Quakerism, with its emphasis on universal education, female participation in business, and other factors, contributed to a high degree of independence among Nantucket women. This small island produced some amazing women, particularly in the fields of science and social reform. From Maria Mitchell, America’s first professional female astronomer, and Lydia Folger Fowler, the first American-born woman to receive a medical degree, to activist leaders like Lucretia Coffin Mott, Eliza Barney, Anna Gardner, and Reverend Phebe Ann Coffin Hanaford, the influence of Nantucket women spread beyond the shores of Nantucket to other places in America.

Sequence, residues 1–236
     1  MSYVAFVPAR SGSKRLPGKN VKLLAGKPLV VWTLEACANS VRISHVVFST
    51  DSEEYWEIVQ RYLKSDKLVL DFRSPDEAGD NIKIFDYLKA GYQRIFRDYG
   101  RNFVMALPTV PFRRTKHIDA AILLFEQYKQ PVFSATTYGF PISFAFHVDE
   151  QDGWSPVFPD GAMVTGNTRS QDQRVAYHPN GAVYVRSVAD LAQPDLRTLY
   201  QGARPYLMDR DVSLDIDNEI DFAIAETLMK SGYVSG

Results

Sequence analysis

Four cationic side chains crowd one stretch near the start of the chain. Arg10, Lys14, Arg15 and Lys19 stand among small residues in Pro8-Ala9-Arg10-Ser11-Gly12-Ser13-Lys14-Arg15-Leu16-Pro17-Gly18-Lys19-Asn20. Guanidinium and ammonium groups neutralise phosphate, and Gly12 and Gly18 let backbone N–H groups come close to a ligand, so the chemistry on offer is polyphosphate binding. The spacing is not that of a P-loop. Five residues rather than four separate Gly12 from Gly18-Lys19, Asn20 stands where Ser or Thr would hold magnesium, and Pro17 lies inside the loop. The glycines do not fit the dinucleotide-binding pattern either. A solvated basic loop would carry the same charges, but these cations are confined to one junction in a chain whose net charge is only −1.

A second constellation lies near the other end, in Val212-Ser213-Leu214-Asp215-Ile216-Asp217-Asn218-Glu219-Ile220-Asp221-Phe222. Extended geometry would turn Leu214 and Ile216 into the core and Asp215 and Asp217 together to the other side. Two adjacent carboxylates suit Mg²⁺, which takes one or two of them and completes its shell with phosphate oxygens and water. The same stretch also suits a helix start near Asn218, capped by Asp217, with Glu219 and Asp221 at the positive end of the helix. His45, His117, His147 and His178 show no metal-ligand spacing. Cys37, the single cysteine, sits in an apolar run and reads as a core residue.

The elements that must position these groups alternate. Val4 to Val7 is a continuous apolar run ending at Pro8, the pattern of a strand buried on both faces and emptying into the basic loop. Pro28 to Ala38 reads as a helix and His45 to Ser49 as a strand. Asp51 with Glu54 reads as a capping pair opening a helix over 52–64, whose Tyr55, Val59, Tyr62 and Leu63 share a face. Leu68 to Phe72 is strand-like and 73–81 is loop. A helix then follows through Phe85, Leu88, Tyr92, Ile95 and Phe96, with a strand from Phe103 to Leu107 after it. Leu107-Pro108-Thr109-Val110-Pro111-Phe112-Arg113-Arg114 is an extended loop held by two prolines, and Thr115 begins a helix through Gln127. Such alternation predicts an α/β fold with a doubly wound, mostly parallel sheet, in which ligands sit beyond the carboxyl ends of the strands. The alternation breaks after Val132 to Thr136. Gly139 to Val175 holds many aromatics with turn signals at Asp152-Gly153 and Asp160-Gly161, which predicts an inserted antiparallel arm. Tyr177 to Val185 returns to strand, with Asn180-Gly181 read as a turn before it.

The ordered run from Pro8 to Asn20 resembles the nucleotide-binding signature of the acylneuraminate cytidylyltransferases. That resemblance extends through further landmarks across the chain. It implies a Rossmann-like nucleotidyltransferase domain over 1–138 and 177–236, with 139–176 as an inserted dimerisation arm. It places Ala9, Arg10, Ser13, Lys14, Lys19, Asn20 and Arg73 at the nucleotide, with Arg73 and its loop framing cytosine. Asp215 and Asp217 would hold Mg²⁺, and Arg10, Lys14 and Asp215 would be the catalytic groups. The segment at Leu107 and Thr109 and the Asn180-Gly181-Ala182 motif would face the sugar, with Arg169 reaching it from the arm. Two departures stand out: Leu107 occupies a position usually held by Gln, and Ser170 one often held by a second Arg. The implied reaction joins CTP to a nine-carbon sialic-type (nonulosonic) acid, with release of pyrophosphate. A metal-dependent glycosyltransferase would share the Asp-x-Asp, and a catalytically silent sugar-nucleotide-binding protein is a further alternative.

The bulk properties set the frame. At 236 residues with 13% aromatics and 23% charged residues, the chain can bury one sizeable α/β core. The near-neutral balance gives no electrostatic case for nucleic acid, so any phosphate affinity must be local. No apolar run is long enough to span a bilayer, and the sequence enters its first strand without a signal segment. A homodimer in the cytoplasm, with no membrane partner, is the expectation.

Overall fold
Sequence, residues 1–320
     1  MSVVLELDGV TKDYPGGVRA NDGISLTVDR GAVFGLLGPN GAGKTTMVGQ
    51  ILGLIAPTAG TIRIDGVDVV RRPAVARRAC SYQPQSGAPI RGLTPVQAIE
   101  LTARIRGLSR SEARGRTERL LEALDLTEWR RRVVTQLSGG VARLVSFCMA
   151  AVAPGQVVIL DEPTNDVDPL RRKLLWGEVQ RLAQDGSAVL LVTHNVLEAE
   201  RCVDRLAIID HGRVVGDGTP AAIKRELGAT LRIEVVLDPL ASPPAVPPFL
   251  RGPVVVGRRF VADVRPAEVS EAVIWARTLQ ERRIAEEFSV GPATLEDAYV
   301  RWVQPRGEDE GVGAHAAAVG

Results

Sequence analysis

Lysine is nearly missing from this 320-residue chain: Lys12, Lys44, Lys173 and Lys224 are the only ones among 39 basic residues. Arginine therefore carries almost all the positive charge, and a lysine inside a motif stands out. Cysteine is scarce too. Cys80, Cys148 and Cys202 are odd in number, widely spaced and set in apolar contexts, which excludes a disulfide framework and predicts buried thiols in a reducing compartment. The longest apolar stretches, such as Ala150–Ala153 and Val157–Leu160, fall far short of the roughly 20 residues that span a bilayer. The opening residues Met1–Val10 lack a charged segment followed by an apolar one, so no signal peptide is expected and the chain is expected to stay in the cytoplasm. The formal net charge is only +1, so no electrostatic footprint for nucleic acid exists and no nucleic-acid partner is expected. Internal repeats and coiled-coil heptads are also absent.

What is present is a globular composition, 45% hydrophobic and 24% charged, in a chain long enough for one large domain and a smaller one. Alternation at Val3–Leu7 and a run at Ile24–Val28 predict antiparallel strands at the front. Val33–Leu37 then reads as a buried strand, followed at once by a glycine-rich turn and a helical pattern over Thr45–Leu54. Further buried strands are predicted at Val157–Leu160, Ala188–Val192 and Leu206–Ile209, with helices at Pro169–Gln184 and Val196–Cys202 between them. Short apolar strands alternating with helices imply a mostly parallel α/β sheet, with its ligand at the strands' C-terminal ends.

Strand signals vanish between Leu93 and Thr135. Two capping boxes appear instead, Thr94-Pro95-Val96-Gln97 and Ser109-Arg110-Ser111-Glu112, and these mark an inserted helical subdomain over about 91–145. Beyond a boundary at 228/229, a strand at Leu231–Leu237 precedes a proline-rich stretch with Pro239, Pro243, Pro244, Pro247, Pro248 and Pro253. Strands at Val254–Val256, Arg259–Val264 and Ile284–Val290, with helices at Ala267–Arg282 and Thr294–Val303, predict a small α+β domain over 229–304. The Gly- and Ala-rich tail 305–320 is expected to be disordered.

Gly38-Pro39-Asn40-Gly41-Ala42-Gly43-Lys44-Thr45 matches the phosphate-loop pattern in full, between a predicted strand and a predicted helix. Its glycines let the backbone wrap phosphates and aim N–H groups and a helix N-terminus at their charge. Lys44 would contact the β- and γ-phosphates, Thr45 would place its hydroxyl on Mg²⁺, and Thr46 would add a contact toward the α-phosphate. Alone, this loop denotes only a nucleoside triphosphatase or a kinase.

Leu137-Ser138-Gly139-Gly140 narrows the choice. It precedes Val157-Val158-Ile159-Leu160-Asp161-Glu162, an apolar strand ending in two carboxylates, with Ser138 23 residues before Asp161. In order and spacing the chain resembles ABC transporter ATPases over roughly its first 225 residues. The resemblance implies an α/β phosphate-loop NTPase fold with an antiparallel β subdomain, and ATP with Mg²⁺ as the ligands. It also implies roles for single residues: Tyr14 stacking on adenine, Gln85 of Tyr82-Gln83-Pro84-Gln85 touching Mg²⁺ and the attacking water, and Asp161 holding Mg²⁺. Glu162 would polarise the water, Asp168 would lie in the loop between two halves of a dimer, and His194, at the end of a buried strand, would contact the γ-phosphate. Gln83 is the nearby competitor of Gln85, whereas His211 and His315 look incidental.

Nantucket’s active role in the anti-slavery movement also introduced island women to a broad ideology of social reform. After ratification of the Fifteenth Amendment in 1870, which granted African American men the right to vote, the women’s rights movement took on a renewed sense of urgency, viewed by many as the final hurdle to a truly democratic society. Decades of struggle lay ahead and it was not until 1920 that all American women achieved the right to vote.
“Indeed, it is probable that no other community in America of the size of Nantucket has ever given the country so many extraordinary women.”
— William Oliver Stevens
Mary Coffin Starbuck (1645–1717)
Quaker – Community Leader – Businesswoman